This location is approximately 3,000km southwest of the strategically important state of Hawaii.
China has a major presence all across the Pacific, whether it be diplomatic, commercial, infrastructure or citizens in residence. China’s hooks are already in the region, almost enabling China to leapfrog American defenses along the so-called First Island Chain.
It seems only a matter of time before Beijing creates some kind of military presence in the Pacific, and this will make it harder for the US military to operate. It would be like having the enemy in your rear. Indeed, the US Marine Corps (USMC) has totally restructured for a potential fight against China in the Pacific, creating smaller, dispersed units that can fight independently from islands but with interlocking fields of fire with anti-ship missiles and long-range rockets. The USMC has also given away all its tanks, bridging equipment and other assets to support this warfighting plan. However, if China can operate freely from multiple Pacific islands in the rear of US forces, the plan will be a flop even before it starts.
“Dual-use” (commercial with the potential to support military) Chinese bases are not without challenges. The PLA is not particularly strong in long-range logistics and command and control, but China might also be interested in denying access to the USA and its allies.
Furthermore, quite apart from war scenarios, dispersed outposts would allow the PLA to refuel ships and to resupply in peacetime. Beijing’s vicious rhetoric about AUKUS shows that this new-founded Australia-UK-USA alliance rankles. Any time that regional countries group together causes China consternation, whether it be Australia, India, Japan or some other.
Interestingly, at the end of December 2021, the Philippines issued a notice of award to India for three batteries’ worth of BrahMos supersonic anti-ship cruise missiles. This acquisition has been in the works for several years, and reflects Philippine mistrust of China’s intentions in the South China (/topic/china) Sea. If they are sited somewhere like Palawan, they would control a large swathe of territory extending towards the Spratly Islands.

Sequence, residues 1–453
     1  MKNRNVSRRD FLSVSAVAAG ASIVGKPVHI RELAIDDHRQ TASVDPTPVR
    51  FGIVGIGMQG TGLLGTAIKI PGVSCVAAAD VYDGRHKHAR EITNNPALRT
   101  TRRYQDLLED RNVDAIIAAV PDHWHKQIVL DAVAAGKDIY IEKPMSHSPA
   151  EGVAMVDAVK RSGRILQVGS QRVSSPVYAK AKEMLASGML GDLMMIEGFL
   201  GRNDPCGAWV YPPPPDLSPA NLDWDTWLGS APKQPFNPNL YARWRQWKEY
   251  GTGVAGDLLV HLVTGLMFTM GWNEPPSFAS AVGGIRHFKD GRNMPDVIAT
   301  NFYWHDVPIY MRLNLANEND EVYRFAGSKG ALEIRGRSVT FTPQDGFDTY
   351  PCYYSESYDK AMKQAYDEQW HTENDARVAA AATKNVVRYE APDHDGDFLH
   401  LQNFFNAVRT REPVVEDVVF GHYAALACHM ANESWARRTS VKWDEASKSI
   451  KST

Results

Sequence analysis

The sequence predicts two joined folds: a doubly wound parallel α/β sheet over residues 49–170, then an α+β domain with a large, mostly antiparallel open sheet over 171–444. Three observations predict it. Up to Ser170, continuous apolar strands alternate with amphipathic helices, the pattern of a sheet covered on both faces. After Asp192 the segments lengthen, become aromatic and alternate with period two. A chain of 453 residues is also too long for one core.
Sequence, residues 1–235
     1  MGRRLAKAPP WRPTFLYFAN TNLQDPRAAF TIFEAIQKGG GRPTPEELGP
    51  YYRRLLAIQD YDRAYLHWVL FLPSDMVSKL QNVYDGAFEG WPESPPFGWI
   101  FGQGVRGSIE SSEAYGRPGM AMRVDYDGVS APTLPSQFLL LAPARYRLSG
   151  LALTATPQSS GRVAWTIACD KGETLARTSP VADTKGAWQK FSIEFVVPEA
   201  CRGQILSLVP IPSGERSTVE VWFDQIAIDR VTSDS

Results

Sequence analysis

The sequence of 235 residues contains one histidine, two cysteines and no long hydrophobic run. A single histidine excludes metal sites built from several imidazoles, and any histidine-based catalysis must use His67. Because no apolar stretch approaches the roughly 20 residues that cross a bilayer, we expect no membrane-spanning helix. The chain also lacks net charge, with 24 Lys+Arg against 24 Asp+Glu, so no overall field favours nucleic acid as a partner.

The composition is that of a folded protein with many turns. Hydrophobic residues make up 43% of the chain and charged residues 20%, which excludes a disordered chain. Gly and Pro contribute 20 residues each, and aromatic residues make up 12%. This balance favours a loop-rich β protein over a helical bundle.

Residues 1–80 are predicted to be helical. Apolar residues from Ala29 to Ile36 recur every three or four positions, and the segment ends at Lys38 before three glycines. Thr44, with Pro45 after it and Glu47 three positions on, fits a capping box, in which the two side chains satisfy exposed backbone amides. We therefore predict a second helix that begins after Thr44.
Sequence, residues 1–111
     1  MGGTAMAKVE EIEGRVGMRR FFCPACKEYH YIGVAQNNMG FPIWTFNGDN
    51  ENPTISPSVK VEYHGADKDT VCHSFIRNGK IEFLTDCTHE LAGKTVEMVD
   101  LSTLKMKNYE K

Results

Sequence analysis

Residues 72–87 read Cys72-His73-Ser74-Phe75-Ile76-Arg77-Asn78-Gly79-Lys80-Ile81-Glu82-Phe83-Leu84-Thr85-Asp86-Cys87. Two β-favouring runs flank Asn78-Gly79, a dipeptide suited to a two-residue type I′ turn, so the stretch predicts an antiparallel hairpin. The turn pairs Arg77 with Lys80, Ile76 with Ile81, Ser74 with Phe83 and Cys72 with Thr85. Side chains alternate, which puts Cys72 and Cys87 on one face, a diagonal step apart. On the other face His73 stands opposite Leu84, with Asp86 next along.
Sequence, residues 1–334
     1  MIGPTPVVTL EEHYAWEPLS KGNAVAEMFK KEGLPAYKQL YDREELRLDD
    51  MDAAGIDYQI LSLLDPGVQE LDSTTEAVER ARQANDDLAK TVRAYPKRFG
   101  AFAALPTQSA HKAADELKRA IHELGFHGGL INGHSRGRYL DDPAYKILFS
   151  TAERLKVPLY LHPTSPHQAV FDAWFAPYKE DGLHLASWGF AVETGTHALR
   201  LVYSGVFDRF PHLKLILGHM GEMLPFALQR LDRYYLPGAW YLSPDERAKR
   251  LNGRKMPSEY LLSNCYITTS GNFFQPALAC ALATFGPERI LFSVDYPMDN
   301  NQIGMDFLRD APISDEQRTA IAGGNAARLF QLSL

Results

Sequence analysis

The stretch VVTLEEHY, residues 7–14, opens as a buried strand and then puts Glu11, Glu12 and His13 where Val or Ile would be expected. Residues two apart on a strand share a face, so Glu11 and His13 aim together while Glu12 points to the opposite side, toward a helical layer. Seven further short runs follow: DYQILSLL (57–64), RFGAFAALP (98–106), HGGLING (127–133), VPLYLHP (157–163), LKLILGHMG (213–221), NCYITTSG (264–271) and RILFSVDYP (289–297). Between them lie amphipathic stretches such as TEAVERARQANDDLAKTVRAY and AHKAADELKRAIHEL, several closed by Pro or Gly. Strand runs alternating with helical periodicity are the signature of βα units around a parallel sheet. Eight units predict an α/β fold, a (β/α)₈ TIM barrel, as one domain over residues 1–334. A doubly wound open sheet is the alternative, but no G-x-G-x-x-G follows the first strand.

Beijing did well in manipulating President Rodrigo Duterte into maintaining a pro-China stance, even if the Armed Forces of the Philippines never subscribed to Duterte’s misplaced optimism. The fact that Manila went ahead with this acquisition reflects the level of mistrust towards China.
The South China (/topic/china) Sea is certainly a place where China could unleash a “strategic surprise” too, whether it be constructing a military installation on Scarborough Shoal or fomenting some other kind of trouble.
In 2021, the USA was joined by other countries like Canada, France, Germany and the UK in conducting naval passages through places like the South China Sea or Taiwan Strait. They are perfectly entitled to do so under international law, but Beijing kicks up a stink every time.